The past week has been a bit of a shocker economically and while we have a public holiday in Western Australia, watching the ASX 200 tank this morning tends to confirm my comment in the previous article that we are headed for another GFC.
What hasn’t helped Australia has been the recent mining industry bashing and informing us that we don’t own the minerals homily from an out of touch government. Only an idiot would make such a statement publicly, so heavens knows what stimulants the PM’s speech writer was on last week when she addressed the annual Mineral Industry Council dinner in Canberra last Wednesday night. The rub is that she never mentioned who actually owns the minerals, and in case Henry’s readers don’t know, it’s the States who are then acting for the Crown.
Of course we had a reminder of the Trade Unions’ antediluvian attitudes towards foreign workers as well with Senator Doug Cameron’s hyperbowls, apart from the 19th century mind set informing the Prime Minister and the Treasurer. On top of all these inanities the minimum wage has been increased by 2.9% that commentator John Humphries writes will destroy 100,000 jobs. The bruvvers also cheered mightily at the news, presumably at the confirmation that their monopoly of the boiler workers in the engine rooms of the Titanic has been further strengthened. Of course poor people haven’t been helped at all by this policy – for it makes getting a low paid job even harder. However given the high wages the mining industry pays, it might mean we have another 100,000 possible workers to fill the 90,000 or so positions we haven’t been able to fill for a couple of years. ‘Fraid not.
Given the inbuilt inflexibilities of the mining industry regulatory approval rate – it takes roughly five years from discovery to production, everything else being equal – it’s hardly likely these newly unemployed will be absorbed by the mining industry which itself will now contract under the light of reduced Indian and Chinese demand, both relying on western demand. Don’t believe me? This makes, what is it, the fifth commodity bust HWG has had to weather but this time around things are not so auspicious for Australia since we now are in debt, and in recession.
The US QE3 has also yet to rear its ugly head and I suspect the RBA will reduce interest rates again tomorrow as well, so the start to June will round off the year quite nicely. Remember that Spain and Greece have yet to play out, and still our politicians, all social democrats whether in the EU, the US or here in Australia, have yet to recognize that Keynesian economics does not work. Throwing money into the market will not kick start production – all it achieves is inflation. Given our Treasury is dominated by Keynesians, HWG has concluded that the dark economic tunnel he finds himself in has yet to show signs of a light ahead.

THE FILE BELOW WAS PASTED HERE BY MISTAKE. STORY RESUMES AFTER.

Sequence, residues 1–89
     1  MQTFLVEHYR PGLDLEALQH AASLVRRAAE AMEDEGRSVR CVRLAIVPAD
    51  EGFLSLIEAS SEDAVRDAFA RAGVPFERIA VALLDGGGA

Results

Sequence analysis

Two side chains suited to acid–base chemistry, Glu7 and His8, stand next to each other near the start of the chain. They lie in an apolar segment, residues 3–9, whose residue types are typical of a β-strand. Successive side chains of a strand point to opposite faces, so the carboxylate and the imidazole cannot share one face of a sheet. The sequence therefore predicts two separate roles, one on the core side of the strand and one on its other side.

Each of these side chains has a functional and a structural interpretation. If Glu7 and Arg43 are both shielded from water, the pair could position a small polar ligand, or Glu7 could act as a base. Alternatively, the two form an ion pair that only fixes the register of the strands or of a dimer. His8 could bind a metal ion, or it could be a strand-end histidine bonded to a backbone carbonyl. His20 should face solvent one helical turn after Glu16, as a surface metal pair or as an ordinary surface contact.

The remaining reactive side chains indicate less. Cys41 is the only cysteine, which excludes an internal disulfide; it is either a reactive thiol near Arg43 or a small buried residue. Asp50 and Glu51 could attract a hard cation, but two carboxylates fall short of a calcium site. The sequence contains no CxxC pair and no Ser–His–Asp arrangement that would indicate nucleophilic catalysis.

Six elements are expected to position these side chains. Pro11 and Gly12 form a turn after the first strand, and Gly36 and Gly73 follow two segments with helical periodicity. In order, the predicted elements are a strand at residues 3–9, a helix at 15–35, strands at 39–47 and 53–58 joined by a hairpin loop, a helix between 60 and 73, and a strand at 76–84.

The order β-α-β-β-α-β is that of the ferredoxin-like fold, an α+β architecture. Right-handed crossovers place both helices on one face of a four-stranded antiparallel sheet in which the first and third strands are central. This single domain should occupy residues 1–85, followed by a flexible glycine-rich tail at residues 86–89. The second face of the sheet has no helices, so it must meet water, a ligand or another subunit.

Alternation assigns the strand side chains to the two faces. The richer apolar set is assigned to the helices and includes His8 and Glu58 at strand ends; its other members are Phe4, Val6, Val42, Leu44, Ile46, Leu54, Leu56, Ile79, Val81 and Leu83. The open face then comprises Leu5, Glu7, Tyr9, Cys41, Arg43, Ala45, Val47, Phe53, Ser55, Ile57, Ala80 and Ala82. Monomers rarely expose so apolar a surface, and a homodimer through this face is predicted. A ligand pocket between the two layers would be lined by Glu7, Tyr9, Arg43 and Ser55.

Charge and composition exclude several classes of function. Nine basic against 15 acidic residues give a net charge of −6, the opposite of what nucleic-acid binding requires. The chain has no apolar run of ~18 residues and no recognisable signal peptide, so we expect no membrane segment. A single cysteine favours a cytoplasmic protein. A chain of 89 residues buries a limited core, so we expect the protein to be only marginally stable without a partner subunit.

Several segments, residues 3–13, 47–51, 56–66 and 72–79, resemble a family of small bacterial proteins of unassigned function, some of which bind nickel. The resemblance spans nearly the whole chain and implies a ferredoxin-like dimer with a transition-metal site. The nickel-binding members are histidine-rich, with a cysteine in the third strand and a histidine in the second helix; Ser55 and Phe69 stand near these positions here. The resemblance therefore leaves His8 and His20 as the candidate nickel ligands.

Writing about darkness brings about something Anthony Watts uncovered, (or one of his readers did) – a scientific paper by the Hansen/GISS team that notes “we argue that rapid warming in recent decades has been driven mainly by non-CO2 greenhouse gases” and published in 2000. Yes you read right – 2000.
And Henry’s readers wonder why HWG is a climate sceptic?
Sinclair Davidson has also put up an interesting Hansard discussion during Senate Estimates pg 98-100 (H/T Catallaxy Files). Now Henry’s readers can get into the nitty gritty of GOS and GDP etc, but there is one statistic that HWG does not see published often in the media, and that is dividend rate for a mining company. BHP paid two dividends during 2011/12 ($.52 & .51=1.03) (the actual divvies were US$55 per share) fully franked a@ 30%. Share price 4 June was $30.75 which makes it roughly 3.35% ROI.
Now there’s a lot of complexity here but I get more income investing my money in a bank saving account (4.75%) than investing in some BHP shares. So what are they on about saying mining is making obscene profits? Any increase in company tax, whether franked or not, is in reality an increase in tax on the final owner, the shareholder. So rather than increasing the tax take on your superannuation fund investment the guvmint instead taxes the mining company’s profit, which if franked is given to the ATO in any case, and then a smaller dividend to the shareholder, who then gets a credit, and pays tax on a smaller dividend. If the company is 100% locally owned, then the tax is imposed on the shareholders.
But here’s another rub – despite the enormous profits BHP-Billiton is making from its operations, it’s profit is not all that spectacular from an investor’s point of view, especially when you can make more money putting your savings in a bank term deposit. And if the bank invests in BHP-Billiton using your money, then all it does is pass the increased tax to you, the end point in the profit chain, by reducing your interest amount.
All it means is that the guvmint winkled more money of our pockets without actually admitting it. They really do believe we are that stupid? Since overtly taxing us is political suicide, it believes that taxing us indirectly will not be.
… thou shall not steal, even by majority vote …”
— Gary North